Stephen Shenfield: Getting a new apartment in the Russian North – a case study in extortion

posted 6 Feb 2012, 01:55 by Rights in Russia   [ updated 6 Feb 2012, 02:27 ]
The procurator appears to be willing only to impose disciplinary penalties on the guilty officials – that is, reprimands or fines. He does not want to initiate criminal proceedings. “Both the executive and the judiciary in Russia are very corrupt,” comments Elena. “Each covers for the other. Russia is still very far from the rule of law.” 

In 2007, the old apartment block at 12 Workers’ Street in the village of Vylgort in the Syktyvdinsky District of the Komi Republic in the northwest of Russia was condemned as unfit for human habitation.

And about time. Elena Odnovarchenko, who rented an apartment in the block, described the conditions under which she lived with her husband and two daughters. The walls were warped with damp, covered with fungus, and separated from the floor by about a meter. The only heating came from the stove, which was unable to keep the apartment warm in the winter. A stench rose from the shit that had accumulated in the basement. The building was leaning over so far that its collapse was a real danger.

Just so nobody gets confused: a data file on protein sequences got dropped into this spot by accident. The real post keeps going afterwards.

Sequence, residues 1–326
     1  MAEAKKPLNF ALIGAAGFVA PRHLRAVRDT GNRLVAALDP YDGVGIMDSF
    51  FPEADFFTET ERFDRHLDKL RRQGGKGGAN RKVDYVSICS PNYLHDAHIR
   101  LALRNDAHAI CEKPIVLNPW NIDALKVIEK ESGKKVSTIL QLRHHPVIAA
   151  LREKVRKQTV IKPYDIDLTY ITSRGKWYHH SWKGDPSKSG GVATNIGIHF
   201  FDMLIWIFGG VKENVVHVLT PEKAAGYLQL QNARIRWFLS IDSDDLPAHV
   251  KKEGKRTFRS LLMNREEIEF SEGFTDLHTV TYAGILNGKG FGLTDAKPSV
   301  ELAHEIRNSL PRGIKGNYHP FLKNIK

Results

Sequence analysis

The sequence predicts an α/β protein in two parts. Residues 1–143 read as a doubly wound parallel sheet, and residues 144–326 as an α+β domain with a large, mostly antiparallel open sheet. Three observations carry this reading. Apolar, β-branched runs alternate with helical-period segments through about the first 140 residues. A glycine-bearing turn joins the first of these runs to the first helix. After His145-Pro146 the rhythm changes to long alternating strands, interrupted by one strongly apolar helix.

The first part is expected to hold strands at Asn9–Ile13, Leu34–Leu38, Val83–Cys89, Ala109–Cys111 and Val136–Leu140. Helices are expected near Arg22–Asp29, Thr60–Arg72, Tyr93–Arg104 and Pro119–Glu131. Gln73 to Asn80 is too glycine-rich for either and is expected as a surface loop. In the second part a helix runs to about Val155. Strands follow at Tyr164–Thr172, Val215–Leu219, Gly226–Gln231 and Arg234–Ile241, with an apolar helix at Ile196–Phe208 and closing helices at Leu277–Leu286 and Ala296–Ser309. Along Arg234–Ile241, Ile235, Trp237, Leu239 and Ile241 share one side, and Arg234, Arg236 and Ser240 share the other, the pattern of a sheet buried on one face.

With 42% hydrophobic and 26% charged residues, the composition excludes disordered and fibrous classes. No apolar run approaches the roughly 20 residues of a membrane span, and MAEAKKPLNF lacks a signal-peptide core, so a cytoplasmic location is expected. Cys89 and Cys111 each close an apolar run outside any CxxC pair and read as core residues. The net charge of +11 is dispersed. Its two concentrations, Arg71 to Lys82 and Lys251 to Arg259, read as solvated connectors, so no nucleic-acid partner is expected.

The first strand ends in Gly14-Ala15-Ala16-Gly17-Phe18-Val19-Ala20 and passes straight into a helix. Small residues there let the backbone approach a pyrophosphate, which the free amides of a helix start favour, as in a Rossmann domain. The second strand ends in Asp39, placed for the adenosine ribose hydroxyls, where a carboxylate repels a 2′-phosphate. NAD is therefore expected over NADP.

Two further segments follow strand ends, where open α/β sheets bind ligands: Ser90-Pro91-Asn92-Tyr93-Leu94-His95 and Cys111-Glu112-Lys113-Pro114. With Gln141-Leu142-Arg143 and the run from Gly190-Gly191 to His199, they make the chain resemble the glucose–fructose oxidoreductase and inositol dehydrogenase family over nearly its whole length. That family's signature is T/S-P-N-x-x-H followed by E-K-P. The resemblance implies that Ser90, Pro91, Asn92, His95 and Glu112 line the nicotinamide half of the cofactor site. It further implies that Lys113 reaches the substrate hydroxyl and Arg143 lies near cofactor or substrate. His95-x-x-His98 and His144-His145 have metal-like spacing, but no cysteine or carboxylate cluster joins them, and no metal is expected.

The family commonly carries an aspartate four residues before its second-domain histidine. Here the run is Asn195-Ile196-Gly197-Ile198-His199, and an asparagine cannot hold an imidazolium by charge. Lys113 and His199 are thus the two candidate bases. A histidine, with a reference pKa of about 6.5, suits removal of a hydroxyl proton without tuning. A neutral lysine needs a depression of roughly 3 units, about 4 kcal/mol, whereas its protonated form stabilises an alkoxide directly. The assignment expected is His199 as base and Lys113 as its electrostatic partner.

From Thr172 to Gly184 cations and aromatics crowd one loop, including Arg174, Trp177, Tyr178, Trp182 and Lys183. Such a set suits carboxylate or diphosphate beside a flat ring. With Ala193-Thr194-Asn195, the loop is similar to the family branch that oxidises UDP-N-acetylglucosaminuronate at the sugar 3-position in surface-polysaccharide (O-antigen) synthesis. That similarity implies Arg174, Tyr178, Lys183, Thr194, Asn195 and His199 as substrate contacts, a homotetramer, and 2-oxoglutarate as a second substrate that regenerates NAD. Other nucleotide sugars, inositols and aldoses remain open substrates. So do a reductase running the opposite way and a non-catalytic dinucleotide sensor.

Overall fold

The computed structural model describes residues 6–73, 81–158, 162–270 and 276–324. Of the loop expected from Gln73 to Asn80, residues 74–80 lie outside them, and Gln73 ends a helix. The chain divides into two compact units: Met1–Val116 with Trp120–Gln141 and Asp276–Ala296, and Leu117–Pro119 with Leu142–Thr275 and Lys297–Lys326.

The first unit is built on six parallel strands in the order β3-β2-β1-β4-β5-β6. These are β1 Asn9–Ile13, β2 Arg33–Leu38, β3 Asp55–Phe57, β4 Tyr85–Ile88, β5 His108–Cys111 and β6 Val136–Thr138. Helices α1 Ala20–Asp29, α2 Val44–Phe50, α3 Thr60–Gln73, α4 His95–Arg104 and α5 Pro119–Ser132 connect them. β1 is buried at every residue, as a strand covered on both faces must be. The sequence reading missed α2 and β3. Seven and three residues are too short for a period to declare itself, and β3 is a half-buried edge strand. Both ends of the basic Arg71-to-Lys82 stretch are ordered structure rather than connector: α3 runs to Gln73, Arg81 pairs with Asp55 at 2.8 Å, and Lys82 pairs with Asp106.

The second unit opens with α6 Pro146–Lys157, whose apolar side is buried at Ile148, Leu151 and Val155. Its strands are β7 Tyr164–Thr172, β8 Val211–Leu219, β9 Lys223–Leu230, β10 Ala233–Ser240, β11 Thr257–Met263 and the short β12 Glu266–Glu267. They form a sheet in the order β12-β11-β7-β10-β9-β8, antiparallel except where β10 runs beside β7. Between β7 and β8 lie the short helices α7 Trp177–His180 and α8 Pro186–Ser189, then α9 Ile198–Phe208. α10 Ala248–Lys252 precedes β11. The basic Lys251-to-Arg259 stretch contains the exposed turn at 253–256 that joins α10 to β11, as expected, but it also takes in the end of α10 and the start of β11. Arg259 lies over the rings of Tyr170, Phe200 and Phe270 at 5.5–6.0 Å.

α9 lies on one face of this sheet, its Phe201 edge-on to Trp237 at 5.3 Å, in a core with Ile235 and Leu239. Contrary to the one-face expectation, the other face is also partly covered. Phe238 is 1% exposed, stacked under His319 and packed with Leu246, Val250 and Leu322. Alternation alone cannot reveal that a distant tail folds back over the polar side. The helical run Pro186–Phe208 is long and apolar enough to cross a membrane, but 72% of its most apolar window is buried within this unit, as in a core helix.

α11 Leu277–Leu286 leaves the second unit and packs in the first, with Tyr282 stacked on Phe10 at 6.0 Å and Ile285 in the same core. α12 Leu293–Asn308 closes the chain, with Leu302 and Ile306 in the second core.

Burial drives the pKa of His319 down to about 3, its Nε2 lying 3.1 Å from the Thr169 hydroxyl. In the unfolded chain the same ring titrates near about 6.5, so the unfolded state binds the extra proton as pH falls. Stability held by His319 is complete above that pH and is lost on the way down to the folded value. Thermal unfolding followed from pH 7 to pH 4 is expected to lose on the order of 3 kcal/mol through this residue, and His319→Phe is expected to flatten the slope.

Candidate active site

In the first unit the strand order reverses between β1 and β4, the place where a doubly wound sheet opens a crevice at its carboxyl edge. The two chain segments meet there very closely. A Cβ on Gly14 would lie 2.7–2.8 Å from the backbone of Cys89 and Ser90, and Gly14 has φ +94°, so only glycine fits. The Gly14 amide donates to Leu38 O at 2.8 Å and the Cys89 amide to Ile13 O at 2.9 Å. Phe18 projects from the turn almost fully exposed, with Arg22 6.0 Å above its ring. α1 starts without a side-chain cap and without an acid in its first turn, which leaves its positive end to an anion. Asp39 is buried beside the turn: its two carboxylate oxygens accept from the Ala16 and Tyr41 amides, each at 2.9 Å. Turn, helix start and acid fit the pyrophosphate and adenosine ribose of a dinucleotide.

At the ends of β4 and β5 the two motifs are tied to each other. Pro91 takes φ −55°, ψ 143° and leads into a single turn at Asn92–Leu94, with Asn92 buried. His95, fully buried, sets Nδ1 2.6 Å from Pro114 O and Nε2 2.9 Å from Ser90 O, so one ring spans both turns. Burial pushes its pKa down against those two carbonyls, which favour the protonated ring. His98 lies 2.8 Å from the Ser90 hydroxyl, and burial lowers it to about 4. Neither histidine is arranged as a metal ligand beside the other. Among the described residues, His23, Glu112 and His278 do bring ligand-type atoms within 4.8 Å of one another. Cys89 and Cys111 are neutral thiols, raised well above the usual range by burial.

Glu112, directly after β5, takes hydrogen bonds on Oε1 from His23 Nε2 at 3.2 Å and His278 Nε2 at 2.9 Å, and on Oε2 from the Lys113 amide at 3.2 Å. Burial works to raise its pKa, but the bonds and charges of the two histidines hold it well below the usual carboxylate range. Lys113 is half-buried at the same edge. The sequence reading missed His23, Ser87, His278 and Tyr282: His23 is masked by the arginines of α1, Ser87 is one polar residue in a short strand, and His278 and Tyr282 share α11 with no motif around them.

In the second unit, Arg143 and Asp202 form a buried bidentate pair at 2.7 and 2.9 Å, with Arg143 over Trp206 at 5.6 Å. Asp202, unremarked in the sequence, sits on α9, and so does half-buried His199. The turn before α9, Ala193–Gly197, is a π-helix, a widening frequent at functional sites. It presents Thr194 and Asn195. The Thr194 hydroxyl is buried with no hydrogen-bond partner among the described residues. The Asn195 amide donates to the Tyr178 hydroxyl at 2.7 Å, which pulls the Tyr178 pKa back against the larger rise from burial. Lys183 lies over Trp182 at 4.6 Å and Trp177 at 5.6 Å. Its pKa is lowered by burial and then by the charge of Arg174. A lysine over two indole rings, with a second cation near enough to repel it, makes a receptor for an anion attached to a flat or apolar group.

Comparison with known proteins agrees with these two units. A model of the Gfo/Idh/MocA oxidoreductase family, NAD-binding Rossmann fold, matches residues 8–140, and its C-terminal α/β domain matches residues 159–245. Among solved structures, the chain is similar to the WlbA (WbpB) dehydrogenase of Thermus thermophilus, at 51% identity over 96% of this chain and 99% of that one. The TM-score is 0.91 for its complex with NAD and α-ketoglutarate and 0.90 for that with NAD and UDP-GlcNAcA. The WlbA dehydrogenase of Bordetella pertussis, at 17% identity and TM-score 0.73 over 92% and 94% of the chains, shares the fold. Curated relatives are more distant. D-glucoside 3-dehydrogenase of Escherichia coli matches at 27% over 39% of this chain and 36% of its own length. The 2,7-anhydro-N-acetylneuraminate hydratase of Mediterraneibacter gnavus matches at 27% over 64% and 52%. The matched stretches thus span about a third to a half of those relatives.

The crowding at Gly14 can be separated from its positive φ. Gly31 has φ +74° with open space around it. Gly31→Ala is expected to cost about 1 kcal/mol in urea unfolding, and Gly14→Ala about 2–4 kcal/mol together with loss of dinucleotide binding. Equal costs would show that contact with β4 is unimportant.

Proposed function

Fearing for their lives as well as their health, Elena’s family moved to temporary accommodation in another part of the country, leaving most of their belongings behind. This was the first in a series of temporary places of residence. [Read more].

Stephen Shenfield is a British-born specialist on politics and society in Russia and the post-Soviet region. He is the author of The Nuclear Predicament: Explorations in Soviet Ideology(Routledge and the Royal Institute for International Affairs, 1987) and Russian Fascism: Traditions, Tendencies, Movements (M.E. Sharpe, 2001). 
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